I venture that the city and the thousands of pedstrians, bike riders and transit passengers crossing Broadway daily between major crossroads/stations, especially in the very dense hospital district rife with infirm elderly people, will be in an uproar about the barrier.

    On the other hand, if streetcars are to occupy an unbarriered corridor (like the photos of Paris), than all you will accomplish is the expenditure of a billion dollars to replicate the existing B-Line service. But, hey, the trains will look cool.

    That can be rightly called wasteful, but also a highly ironic Catch 22.

    Lastly, I would really appreciate it Stephen if you or your readers would respond directly to the Broadway Catch 22 pedestrian issue and the necessity for detailed planning and fine-grained design and implementation for EVERY INDIVIDUAL ROUTE — which could very well have results you may not agree with, or that vary route to route — rather than just repeat the same generalities about Broadway and “light rail” every few weeks as though we don’t remember previous comments or know the road well.


    May 21, 2008 at 12:19 pm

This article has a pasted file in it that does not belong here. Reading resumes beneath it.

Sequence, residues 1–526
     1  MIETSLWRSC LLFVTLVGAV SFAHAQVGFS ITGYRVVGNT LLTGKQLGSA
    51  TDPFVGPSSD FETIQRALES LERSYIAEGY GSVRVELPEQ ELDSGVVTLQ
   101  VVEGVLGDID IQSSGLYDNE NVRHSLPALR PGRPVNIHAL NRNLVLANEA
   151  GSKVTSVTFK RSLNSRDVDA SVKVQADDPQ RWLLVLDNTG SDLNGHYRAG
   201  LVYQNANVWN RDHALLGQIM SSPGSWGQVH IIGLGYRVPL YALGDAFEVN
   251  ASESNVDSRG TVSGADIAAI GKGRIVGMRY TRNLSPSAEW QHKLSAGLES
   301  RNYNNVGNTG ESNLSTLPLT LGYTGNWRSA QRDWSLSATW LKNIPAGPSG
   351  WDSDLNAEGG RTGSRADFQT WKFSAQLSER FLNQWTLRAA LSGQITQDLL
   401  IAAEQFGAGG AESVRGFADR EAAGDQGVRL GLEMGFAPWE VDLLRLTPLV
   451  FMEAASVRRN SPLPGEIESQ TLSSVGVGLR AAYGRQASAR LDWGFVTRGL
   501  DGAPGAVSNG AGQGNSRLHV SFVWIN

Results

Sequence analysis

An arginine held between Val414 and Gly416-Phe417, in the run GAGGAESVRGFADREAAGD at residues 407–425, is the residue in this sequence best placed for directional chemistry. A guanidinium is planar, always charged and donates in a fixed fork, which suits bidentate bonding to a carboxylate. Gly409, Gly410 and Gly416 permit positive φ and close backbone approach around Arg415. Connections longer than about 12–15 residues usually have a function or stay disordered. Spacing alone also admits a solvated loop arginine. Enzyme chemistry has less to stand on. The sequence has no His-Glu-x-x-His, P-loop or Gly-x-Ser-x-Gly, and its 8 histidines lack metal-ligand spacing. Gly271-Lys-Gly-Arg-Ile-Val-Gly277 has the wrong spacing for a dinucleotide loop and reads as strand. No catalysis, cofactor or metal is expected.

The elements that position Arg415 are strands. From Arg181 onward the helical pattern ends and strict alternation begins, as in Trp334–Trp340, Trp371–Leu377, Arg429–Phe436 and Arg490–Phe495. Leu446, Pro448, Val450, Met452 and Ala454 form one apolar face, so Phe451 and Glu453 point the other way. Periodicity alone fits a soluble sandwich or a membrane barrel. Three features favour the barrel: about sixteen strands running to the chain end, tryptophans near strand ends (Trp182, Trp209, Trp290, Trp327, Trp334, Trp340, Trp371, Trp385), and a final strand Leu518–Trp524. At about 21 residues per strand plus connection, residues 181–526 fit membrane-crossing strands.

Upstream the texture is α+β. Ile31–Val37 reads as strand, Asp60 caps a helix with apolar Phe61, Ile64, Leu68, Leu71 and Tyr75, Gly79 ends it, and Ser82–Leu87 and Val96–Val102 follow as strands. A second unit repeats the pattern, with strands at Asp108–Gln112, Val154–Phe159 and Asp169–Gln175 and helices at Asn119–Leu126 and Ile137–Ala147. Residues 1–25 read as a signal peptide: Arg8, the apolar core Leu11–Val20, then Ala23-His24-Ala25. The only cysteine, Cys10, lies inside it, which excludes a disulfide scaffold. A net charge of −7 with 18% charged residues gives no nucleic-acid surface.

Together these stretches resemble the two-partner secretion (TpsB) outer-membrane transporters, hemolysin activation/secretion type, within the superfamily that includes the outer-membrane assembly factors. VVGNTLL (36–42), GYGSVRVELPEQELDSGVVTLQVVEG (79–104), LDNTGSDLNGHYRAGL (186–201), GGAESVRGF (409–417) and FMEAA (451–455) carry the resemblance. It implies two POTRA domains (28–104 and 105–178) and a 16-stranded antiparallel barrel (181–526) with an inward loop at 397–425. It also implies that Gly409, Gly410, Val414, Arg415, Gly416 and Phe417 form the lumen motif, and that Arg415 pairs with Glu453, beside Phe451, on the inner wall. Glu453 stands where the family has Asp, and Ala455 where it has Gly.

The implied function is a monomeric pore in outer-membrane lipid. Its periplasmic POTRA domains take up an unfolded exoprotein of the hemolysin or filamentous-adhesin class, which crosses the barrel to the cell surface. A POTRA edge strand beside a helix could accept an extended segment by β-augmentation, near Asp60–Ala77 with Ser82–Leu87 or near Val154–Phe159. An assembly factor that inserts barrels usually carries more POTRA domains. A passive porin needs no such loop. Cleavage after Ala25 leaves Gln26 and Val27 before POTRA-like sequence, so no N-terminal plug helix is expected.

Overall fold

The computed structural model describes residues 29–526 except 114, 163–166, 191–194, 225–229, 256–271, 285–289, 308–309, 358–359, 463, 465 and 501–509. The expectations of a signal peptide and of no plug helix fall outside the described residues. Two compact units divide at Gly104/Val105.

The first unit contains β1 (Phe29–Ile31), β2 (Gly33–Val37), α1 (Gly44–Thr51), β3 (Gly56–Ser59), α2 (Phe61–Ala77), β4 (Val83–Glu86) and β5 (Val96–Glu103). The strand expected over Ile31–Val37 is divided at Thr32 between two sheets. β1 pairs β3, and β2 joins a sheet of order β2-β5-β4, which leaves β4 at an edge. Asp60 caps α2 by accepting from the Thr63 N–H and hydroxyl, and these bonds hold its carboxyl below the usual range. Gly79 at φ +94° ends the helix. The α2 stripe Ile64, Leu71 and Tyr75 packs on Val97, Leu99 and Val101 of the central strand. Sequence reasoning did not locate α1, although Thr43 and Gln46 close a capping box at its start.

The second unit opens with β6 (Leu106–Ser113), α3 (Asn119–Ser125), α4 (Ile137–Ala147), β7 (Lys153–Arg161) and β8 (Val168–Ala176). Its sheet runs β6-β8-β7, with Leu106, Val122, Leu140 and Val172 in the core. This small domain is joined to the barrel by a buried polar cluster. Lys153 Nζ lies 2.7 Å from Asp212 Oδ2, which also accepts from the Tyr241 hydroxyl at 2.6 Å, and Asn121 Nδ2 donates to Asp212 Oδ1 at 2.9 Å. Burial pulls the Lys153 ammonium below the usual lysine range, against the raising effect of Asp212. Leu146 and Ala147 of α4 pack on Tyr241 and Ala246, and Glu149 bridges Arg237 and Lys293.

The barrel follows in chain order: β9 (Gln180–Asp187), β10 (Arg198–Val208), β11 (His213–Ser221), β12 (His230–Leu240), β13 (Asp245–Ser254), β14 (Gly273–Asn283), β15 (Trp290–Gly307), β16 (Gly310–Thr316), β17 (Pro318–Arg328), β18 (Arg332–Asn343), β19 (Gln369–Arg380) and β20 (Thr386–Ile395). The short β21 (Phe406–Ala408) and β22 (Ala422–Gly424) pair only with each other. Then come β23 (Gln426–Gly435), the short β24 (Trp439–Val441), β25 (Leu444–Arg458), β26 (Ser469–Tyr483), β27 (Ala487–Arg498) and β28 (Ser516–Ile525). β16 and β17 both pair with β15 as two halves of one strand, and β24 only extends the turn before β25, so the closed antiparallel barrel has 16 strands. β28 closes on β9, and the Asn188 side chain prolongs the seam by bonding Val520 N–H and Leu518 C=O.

2. I am not sure I can satisfy you, Meredith. As you say, it all depends on local considerations and detail design. I disagree that a tram in an exclusive right of way with signal priority has the same speed and capacity as a BLine which has no priority at all and has to mix with GP traffic. I also do not accept that Broadway has some magic associated with it that stops it working like the many other streets in the world which cope somehow with multiple roles. And inevitably some interests are met better than others. At present we bend over backwards to make sure that car drivers are happy, and everyone else fits around them. I do not know why we continue to do that. I think that by actually adhering to the policy priorities set out by the City of Vancouver’s own plan several possible solutions can be compared. None will be perfect but most will be better than what we have now, and all will be much cheaper than a bored tube which is top of the line in transit terms and requires an oder of magnitude greater passenger demand to justify it.